When it comes to engagement rings, the halo ring design is easily one of the most recognizable styles on the market… and it’s been this way for over a century! I’ll tell you all about the history of the halo ring, but more importantly, I will explain what today’s standard halo design is, the modern twists to the classic halo, and the pros and cons to this popular ring option. There really are tons of great reasons for choosing this specific design with lots of fun and alternative ways of making it your own. The halo has become a staple in the engagement ring world and will continue to be that way for a very, very long time (like possibly forever).
Surprisingly, the history of halo engagement rings dates back probably further than you would expect… to like the 1700s actually. From the 1700s to the 1920s this ring style continually evolved until becoming the recognizable design we know it to be today.
One of the earliest versions began with little diamonds or pearls that kind of just slightly surrounded a small central stone. These early rings look more like a cluster style since the center stone was smaller and the halo wasn’t a solid single outline yet (but most definitely a distant relative in our halo family).
As the ring design transitioned throughout the Art Nouveau period, its new look was influenced by the enchanting world of flowers. We start to see colored center stones (of bigger sizes) being surrounded by smaller accent diamonds that mimicked flower petals. While not necessarily a solid, single halo design yet, we’re getting pretty close! Side note- this vintage look is making a small resurgence… and I love it.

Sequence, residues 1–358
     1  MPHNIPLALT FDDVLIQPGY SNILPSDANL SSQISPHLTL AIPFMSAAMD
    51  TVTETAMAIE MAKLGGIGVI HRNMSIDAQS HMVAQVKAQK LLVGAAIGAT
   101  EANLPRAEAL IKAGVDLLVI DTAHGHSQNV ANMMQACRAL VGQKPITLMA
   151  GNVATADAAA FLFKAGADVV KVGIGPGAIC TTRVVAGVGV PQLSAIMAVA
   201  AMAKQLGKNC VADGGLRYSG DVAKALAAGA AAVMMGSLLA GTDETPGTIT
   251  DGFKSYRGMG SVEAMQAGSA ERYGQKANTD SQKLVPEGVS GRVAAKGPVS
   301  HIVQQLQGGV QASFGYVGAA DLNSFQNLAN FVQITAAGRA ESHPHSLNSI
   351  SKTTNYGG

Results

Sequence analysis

But most notably for our modern halo design was the 1920’s… this is where the larger center stone was now fully enclosed within a solid halo of smaller accent diamonds. This shift was a direct reflection of us entering the Art Deco era (think vibrant colors and sharp geometric patterns - like a round, red ruby surrounded by a square halo of white diamonds). And then on top of everything, we had the Hollywood Glamour period throughout the ’30s… which the halo was absolutely perfect for. These engagement rings quickly became the ultimate must have in a time when bling was everything… literally the perfect way to drip in glitzy opulence.
Check out the era's of diamonds here!
What is the Classic Halo Ring
The classic halo ring is pretty much what it sounds like - a large central diamond (or other gemstone) surrounded by smaller diamonds that create a “halo” looking perimeter. The center stone and the halo are often the same shape, generally a round diamond with a round halo, but they can also be different shapes for added design interest or for a vintage flare - like a round diamond with a hexagonal halo.